November 05, 2016 3 min read
I've gotten a lot of questions regarding the differences, pros & cons, and which form of protein should be consumed. Obviously, there are many factors that play into this such as, body type, allergies, fitness goals etc.
I personally know the differences between certain types of whey protein, but I did some research and gathered info on this topic from several different articles to compile into one for you guys! Check it out below!
The two most common forms are whey concentrate and whey isolate. The main difference is that isolates are more pure than concentrates, meaning other non-protein components have been partially removed to “isolate” the whey protein. Many concentrates are 80% protein, which means on a dry basis, 80% of the total weight is protein. As an example, 100g of whey concentrate contains about 400 calories, 82g of protein along with about 9g of carbohydrates (about half is lactose), 6g of fat and 150 mg of cholesterol.
Whey concentrate is the least processed of the different types of whey protein supplements. It contains more complete proteins and bioactive compounds than other forms of whey protein, but usually less protein per serving. Whey concentrate can contains about 70 to 80 percent protein, but also trace amounts of lactose and milk fat.
It serves as a great meal replacement option, which is perfect for maintain fitness levels and ensuring you get a more “complete” meal replacement. It also happens to be cheaper than other forms of whey protein.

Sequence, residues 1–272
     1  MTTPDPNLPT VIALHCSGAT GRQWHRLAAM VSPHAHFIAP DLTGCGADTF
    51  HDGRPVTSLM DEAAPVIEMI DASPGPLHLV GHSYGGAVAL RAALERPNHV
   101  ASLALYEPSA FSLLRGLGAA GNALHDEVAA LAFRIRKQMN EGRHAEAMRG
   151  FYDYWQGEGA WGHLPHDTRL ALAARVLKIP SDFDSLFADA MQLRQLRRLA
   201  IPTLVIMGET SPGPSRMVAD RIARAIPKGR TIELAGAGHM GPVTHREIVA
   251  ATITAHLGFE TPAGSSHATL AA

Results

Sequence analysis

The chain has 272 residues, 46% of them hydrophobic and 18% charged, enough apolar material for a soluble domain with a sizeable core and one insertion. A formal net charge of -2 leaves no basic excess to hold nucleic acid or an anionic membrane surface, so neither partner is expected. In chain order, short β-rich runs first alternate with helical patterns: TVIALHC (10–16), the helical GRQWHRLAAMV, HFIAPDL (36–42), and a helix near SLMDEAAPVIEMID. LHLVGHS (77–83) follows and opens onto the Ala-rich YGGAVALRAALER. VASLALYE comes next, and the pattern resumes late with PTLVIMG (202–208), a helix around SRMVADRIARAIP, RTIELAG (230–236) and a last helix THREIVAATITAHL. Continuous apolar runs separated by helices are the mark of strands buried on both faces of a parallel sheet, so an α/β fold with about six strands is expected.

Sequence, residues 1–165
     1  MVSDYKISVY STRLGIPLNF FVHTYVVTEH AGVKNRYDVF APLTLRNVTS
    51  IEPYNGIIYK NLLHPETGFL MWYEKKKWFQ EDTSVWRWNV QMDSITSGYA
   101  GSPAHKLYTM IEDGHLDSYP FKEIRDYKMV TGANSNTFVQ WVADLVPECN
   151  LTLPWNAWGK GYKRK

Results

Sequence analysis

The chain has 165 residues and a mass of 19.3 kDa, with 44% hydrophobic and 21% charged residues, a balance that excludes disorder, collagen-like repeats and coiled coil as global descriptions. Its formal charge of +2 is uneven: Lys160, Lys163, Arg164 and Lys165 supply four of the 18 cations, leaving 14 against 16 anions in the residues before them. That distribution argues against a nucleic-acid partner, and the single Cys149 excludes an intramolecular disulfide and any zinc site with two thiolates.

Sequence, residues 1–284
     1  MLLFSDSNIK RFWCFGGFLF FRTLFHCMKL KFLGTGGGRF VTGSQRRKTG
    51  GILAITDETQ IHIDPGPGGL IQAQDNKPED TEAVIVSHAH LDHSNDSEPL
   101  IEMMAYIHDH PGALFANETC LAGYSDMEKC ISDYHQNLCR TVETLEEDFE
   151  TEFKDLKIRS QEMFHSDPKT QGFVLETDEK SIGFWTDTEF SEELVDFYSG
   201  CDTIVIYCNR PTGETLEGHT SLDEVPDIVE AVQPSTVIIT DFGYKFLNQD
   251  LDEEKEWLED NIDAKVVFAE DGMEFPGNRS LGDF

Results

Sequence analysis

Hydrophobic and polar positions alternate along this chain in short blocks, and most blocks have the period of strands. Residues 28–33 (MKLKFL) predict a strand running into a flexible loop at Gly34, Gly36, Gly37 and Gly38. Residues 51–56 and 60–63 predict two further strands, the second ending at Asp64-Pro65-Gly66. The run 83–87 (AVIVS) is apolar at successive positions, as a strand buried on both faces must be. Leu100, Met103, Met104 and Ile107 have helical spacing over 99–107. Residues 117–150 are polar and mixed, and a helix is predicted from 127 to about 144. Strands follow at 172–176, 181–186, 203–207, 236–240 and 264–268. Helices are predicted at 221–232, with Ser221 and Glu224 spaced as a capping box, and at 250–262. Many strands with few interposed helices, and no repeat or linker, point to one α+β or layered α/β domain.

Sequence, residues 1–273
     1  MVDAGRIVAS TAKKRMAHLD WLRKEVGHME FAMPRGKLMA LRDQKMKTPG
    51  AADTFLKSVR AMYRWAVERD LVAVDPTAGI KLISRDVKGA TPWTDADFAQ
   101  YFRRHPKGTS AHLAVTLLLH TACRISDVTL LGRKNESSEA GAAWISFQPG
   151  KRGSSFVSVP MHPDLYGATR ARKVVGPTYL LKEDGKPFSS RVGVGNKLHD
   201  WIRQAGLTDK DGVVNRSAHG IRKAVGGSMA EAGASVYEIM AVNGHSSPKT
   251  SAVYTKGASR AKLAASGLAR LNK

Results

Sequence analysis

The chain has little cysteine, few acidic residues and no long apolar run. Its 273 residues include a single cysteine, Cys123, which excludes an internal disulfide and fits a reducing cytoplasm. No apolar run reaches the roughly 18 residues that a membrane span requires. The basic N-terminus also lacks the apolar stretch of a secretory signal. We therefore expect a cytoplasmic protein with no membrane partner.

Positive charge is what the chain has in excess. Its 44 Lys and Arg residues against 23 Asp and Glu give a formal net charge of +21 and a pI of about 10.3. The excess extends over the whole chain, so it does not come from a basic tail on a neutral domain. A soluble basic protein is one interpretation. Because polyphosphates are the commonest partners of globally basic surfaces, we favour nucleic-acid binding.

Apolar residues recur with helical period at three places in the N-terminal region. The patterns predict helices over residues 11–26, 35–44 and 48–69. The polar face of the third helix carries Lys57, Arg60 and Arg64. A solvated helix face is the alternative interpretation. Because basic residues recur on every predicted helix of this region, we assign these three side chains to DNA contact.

However, this protein features higher carb levels which means more calories, and higher amounts of lactose, which might present a problem for people with lactose intolerance.
Whey isolates are typically about 92% protein (dry basis), meaning you get more protein per equivalent dose. The same 100g of whey isolate delivers less calories (about 370 calories), but with more protein (92g) and considerably less total carbohydrate, lactose, fat and cholesterol.
While whey isolate is more processed, but this processing helps produce more protein per serving. Furthermore, whey isolate absorbs more quickly in the body than concentrate. That’s why this particular whey protein is so valued by body builders who want to build muscle mass and quickly begin their workout recovery.
The flip side is that whey isolate tends to be more expensive than the concentrate. Also, many of the bioactive compounds within the protein are broken down during processing, which means you may lose out on some of the health benefits of whey concentrate.
This whey protein form is thought to be the fastest absorbing of all the whey proteins. The reason is that all of the proteins found within are predigested, which means the long chain amino acids found in whey concentrate and isolate are broken all the way down into single amino acids. The body already tends to convert these long chain amino acids into single amino acids, but with hydrolysate, this is already done for you.
This could result in better muscle protein synthesis and a bigger spike in insulin production than whey isolate. Hydrolysate is very popular with body builders, but since isolate andhydrolysate are both heavily processed, many of the bioactive compounds and long chain amino acids are destroyed, which may reduce many of the health benefits present in concentrate.
So which one is right for you? It depends on many different variables a I stated earlier. It depends on your fitness goals, allergies (whether or not your lactose intolerant), budget and so on.
I personally think concentrate suits me just fine, and I also prefer a blended protein to get protein from multiple sources. But my best recommendation would be to just try different types of whey protein, and see how your body responds. Trial and error is a true test in figuring out what works for you and which protein will give you the best results.
Thanks for checking this article out! I hope it can give you an idea about the differences between the most popular forms of whey protein.
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